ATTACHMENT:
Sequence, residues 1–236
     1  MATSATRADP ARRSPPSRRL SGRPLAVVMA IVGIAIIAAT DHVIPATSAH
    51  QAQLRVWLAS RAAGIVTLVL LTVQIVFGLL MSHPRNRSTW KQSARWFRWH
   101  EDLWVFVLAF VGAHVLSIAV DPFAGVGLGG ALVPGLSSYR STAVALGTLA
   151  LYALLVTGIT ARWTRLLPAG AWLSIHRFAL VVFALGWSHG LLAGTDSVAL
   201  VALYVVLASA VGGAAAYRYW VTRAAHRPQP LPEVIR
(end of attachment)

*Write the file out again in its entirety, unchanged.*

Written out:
Sequence, residues 1–236
     1  MATSATRADP ARRSPPSRRL SGRPLAVVMA IVGIAIIAAT DHVIPATSAH
    51  QAQLRVWLAS RAAGIVTLVL LTVQIVFGLL MSHPRNRSTW KQSARWFRWH
   101  EDLWVFVLAF VGAHVLSIAV DPFAGVGLGG ALVPGLSSYR STAVALGTLA
   151  LYALLVTGIT ARWTRLLPAG AWLSIHRFAL VVFALGWSHG LLAGTDSVAL
   201  VALYVVLASA VGGAAAYRYW VTRAAHRPQP LPEVIR